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Wayback Machine

What's New April 2015

Capturing Conflict

Mon, 13/04/2015 - 8:39am

Gerald Maurice Burn, HMS "New Zealand", 1915

The display “Capturing Conflict” will be run in parallel with the WW1 in Watercolours at Splash Watercolour exhibition held at the Wellington Cathedral of St Paul opening April 18th and running until May 3rd.

Archives New Zealand will be supporting the WW1 in Watercolours at Splash Watercolour exhibition with the Capturing Conflict Display. The display will include scanned images from a number of our war art watercolours.

The display at Archives New Zealand will open on Monday 13th April and run until mid-July 2015.

The Author Jenny Haworth will be speaking in the Display area outside the Constitution Room on Thursday 16th and Friday 17th from 1pm to 2pm on the war art artists and their works that are held at Archives New Zealand.

The display at Archives New Zealand will include the following paintings,

Ref: AAAC 898 NCWA 456

Ref: AAAC 898 NCWA 494

Ref: AAAC 898 NCWA 415

Ref: AAAC 898 NCWA 532

Ref: AAAC 898 NCWA 539

Ref: AAAC 898 NCWA Q407

Ref: AAAC 898 NCWA Q408

Ref: AAAC 898 NCWA Q202

Tweets from Gallipoli

Thu, 02/04/2015 - 3:02pm

NZ & AUS Division Unit Diary, WA10 Box 8/ 76

As part of the official New Zealand WW100 programme, Archives New Zealand is involved in a Twitter project called Life 100 Years Ago. The project brings to life quotes from diaries, letters, and newspapers which are shared in ‘real time’ exactly 100 years on from the actual events – reliving history from the perspective of New Zealanders who were experiencing it at the time.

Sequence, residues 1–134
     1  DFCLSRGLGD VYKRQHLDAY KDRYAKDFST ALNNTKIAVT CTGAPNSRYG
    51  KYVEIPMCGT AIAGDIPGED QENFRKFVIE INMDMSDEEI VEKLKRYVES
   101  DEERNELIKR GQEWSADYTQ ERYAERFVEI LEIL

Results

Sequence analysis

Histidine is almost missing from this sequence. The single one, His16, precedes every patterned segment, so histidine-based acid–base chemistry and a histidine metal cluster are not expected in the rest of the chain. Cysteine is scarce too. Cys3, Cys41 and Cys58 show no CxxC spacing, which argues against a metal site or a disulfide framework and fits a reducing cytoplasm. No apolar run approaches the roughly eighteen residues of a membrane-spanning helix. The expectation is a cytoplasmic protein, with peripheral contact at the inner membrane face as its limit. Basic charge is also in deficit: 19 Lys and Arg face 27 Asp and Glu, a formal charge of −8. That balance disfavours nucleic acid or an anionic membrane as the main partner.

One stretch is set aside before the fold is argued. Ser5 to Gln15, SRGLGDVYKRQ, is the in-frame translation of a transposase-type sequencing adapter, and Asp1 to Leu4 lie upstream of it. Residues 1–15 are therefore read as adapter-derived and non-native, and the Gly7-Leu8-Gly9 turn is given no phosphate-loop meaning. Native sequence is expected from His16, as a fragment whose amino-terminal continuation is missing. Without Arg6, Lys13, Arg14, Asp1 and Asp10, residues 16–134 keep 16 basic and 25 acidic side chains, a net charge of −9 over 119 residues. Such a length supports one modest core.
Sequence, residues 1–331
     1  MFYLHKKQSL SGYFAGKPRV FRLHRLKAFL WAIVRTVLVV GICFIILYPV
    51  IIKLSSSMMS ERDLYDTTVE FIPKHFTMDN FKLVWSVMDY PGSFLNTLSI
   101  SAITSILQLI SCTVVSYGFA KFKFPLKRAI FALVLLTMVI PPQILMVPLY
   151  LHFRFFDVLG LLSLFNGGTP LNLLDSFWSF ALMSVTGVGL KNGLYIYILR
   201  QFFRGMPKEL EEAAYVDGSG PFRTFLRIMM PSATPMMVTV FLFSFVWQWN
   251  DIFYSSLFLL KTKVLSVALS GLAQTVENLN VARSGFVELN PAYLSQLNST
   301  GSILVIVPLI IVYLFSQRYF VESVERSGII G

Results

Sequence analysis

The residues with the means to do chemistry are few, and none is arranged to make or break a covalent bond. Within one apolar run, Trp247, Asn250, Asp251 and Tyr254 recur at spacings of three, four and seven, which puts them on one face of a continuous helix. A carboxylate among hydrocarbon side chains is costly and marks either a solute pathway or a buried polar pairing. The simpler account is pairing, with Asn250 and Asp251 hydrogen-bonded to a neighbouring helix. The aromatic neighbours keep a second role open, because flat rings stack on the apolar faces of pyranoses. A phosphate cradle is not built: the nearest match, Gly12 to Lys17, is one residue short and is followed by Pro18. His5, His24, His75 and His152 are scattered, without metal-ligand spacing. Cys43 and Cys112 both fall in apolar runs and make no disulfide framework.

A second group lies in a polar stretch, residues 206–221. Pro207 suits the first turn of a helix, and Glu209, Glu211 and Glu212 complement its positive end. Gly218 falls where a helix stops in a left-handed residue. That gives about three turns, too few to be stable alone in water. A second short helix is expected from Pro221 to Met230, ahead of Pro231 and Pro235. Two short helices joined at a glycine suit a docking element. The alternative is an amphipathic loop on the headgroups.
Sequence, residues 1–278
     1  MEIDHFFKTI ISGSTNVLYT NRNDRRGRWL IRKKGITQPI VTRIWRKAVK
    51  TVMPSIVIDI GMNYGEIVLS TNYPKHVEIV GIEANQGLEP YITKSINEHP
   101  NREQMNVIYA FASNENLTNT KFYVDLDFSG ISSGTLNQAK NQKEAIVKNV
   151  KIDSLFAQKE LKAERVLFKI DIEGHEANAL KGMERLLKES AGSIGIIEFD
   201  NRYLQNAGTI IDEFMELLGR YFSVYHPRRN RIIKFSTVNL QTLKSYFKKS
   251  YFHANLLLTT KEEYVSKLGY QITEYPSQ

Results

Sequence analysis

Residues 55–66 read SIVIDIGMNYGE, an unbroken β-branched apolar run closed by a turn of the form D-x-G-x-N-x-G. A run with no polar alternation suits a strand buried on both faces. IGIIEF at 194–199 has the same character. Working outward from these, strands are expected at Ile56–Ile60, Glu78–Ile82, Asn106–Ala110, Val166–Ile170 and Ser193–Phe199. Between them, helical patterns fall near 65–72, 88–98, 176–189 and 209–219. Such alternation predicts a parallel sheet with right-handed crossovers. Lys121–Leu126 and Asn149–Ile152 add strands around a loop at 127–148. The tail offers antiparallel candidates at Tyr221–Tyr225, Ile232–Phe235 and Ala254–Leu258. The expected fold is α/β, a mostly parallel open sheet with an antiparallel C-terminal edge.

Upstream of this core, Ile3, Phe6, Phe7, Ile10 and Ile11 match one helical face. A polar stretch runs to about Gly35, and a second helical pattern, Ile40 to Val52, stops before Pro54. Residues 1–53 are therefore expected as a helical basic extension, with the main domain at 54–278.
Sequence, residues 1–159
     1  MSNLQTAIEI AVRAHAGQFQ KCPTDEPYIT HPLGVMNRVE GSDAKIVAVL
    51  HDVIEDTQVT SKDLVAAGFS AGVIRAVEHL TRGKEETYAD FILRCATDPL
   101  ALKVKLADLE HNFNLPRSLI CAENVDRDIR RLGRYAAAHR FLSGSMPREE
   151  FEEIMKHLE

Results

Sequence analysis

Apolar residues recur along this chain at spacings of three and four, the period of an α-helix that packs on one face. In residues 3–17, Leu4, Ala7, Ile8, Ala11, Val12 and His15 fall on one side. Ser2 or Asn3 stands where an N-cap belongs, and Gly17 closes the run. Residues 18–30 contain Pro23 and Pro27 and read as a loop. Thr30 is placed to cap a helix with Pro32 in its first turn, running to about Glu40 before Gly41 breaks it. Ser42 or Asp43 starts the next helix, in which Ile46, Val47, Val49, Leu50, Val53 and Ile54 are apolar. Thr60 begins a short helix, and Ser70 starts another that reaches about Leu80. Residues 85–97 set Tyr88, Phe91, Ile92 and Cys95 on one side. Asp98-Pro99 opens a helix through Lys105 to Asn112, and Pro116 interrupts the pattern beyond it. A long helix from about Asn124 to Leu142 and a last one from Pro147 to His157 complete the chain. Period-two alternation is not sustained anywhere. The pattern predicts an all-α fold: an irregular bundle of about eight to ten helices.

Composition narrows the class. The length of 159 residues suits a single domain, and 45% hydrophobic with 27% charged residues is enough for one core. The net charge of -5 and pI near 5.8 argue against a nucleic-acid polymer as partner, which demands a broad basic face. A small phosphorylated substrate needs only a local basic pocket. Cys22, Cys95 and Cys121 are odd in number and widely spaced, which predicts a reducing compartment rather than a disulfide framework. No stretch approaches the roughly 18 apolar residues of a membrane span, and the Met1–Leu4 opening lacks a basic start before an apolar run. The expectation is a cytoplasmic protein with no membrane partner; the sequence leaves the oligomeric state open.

From 9 April, Archives New Zealand will be adding its own unique voice to the project by sharing excerpts from the 1915 Gallipoli Campaign.

A divisional diary of the campaign was created from 9 April – 31 August 1915, with entries made from the official Unit diary of the NZ & AUS Division, as well as the reports of Major General Alexander Godley (Commander of the Division), Major General William Braithwaite (Mediterranean Expeditionary Force) and Lieutenant General William Birdwood (Commander of the ANZAC Corps).

Written from the perspective of these officers, the diary complements the personal accounts of soldiers and nurses at Gallipoli, and contains artillery reports, official orders, statistics of casualties, and other campaign information

The tweets allow us to experience some of what happened 100 years ago at Gallipoli. ‘At dawn… the roar of guns at the entrance to the Dardanelles was deafening’ recalled the first entry for 25 April. By the end of the day, the diary noted major casualties, including ‘Lt Col Plugge, commanding Auckland Battalion,’ who was  ‘wounded by a bullet which lodged in his wrist… Fighting had been continuous… our troops, considerably outnumbered, had difficulty holding on.’

Follow the tweets at, or check out the diary itself, which has been digitised and is available at